I think the stack overflow is not due to a bug in the rewriter. It is due to a bug in the patterns used in the configuration of the filter configuration.

It is actually easy to create a single regex that loops endlessly, and neither PCRE nor IIRF have a way to prevent that. It is also possible to create logic loops in the rewrite rules, so that you redirect or rewrite endlessly. Again, there's no way for the filter to stop you from shooting yourself in the foot. You have to take care. These risks exist when using any rewriter that depends on PCRE, or any modular regex engine.

The stack overflow is happening in pcre_exec, which is where the regular expression is being executed. It's a degenerate case but one that should be handled in the configuration. A prior rule should have filtered out such invalid cases. Here's a post about using a rewriting filter as a security barrier.

Test early and often. Some people think that because the filter rules are "just configuration", it is not in need of rigorous testing. In general, that's not a safe assumption. Treat the IIRF rules like any code module. You're just using a different language.

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Cheeso! SO GLAD to see you chime in here... I have been needing your help. My understanding was the IterationLimit setting prevented this from becoming a problem. Setting the IterationLimit to 5 or 10 meant that one URL would stop being rewritten after 10 rewrites. In re-reading the desc of this setting, it seems that the iteration limit only applies to one pass through the rules. Once a URL enters the top of the ruleset again, the iteration limit is reset. Is this correct? Either way, now I know to begin dissecting my rules to find out where the loop is getting caught. –  MaseBase Jun 30 '09 at 18:02

PCRE is calling two functions recursively repeatedly, until it runs out of stack space. You can either try to upgrade the Rewrite DLL to one that isn't buggy, or try to change your rewrite rules so that it doesn't hit the PCRE bug.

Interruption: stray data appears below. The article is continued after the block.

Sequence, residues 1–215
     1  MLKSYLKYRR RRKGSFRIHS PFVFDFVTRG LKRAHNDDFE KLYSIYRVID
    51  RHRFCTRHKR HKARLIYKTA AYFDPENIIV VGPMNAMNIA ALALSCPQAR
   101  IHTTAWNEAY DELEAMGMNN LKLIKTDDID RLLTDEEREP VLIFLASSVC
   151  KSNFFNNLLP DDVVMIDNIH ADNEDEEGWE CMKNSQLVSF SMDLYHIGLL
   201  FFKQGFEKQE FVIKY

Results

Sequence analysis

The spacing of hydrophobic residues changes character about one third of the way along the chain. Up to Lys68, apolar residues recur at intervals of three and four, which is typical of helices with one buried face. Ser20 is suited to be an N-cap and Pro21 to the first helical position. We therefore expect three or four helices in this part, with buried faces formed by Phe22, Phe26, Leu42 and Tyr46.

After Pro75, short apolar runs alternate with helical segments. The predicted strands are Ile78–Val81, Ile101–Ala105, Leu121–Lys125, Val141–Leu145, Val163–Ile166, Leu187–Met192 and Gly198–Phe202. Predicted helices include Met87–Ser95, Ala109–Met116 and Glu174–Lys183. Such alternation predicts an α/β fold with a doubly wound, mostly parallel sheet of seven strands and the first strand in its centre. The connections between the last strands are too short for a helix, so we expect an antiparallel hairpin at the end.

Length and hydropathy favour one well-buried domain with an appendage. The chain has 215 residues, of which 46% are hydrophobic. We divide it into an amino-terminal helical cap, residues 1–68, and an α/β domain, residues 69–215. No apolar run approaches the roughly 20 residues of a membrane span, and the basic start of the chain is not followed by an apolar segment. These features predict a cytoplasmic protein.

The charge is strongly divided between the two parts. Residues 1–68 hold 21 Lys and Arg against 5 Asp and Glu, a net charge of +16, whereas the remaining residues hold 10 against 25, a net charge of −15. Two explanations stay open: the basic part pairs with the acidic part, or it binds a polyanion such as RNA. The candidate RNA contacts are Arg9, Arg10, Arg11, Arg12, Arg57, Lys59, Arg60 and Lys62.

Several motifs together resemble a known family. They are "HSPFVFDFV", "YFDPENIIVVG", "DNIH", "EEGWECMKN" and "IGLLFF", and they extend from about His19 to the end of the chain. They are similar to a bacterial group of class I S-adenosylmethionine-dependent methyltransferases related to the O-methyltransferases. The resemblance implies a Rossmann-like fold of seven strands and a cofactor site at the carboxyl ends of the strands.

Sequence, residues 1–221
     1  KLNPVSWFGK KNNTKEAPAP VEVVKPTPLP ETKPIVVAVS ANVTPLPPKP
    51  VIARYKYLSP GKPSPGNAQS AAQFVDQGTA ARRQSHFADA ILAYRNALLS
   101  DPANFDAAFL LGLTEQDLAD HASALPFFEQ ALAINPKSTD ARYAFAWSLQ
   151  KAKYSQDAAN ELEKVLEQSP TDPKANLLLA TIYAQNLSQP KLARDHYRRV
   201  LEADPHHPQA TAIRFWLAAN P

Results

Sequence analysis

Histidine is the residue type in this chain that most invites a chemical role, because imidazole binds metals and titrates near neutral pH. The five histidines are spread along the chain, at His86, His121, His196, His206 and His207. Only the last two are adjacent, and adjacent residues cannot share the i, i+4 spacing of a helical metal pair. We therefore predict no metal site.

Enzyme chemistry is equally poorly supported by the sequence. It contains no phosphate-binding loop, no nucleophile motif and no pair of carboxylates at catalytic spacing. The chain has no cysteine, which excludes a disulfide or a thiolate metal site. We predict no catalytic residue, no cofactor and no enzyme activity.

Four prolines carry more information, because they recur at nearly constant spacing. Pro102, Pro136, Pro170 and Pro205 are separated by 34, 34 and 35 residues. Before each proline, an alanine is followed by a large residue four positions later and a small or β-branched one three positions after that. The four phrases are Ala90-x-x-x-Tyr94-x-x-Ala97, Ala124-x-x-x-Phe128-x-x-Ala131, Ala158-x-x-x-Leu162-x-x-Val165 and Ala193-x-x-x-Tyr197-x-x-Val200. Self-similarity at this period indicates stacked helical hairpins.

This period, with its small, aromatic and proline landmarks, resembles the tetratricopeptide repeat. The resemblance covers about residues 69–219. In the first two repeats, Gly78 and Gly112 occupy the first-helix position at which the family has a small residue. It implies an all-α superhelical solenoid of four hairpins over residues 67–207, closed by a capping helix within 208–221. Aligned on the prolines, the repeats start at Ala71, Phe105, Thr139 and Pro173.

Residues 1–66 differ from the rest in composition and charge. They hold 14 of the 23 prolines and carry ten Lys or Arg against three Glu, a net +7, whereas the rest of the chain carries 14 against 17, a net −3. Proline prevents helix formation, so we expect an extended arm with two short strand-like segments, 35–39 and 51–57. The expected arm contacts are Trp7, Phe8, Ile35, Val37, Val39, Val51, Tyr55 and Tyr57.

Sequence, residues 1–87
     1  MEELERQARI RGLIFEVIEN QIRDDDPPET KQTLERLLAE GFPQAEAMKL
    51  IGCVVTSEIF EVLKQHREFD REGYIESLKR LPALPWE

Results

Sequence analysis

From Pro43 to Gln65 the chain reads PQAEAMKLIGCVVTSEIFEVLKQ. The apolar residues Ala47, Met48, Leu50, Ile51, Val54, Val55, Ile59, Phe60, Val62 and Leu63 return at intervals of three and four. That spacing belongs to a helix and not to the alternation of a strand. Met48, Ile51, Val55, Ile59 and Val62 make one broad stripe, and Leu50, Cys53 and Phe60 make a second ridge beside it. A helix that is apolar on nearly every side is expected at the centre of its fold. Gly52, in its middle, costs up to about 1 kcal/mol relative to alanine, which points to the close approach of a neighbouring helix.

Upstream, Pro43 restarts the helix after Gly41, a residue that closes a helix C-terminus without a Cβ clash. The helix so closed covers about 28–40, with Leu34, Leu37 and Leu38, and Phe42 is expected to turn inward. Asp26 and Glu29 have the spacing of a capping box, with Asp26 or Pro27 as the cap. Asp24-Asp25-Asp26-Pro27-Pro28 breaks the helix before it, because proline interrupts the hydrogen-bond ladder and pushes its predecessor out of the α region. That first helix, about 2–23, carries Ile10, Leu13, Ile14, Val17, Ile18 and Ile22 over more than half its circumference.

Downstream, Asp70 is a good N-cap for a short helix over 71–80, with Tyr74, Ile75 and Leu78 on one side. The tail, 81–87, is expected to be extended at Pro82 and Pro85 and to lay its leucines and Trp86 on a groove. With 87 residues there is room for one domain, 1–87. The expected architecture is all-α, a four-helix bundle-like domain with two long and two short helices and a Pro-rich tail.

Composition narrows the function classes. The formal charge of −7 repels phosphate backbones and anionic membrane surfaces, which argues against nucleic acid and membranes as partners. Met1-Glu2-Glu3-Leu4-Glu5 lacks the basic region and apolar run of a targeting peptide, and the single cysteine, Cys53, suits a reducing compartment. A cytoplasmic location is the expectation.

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This is not a bug in the rewriter. This is a bug in the pattern and configuration. the stack overflow is happening in pcre_exec, which is where the regular expression is being executed. It's a degenerate case but one that should be handled in config (eg, drop all URLs with % in them). –  Cheeso Jun 30 '09 at 1:34
    
Any Regex parser that can be convinced to stack overflow on a certain input has a bug; though I agree that it might be easiest to fix this in the configuration –  Paul Betts Jun 30 '09 at 2:07
    
Any general-purpose regex allows repeating null groups, which immediately allows the possibility of infinite loops. Conclusion: all regex engines are buggy! –  Cheeso Jun 30 '09 at 2:32
    
So you're saying all those web Regex sites can easily be brought down by typing in a repeating null group into it –  Paul Betts Jun 30 '09 at 4:49
    
NO. I'm saying, it's possible to build a regex that recurses on itself, regardless of the input. And, I'm also saying (or I should have said), it is easier to build a broken regex with more complicated inputs. ANY regex parser that is general enough supports recursion, and unless it has a failsafe check in the recursion logic, it will overflow. PCRE has a failsafe in it (sas the doc), but it apparently is not working in this case. Anyway I worked with Mase to change his regex and avoid the problem. –  Cheeso Jul 12 '09 at 5:59

looks like you've got pcre_exec recursing and using up all of your stack space. I would check and see what regular expressions you are using.

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Based on that stack trace at the very bottom, it looks like the program is going into infinite recursion, with two functions that are calling each other without terminating. This will cause a stack overflow exception due to eventually running out of available stack.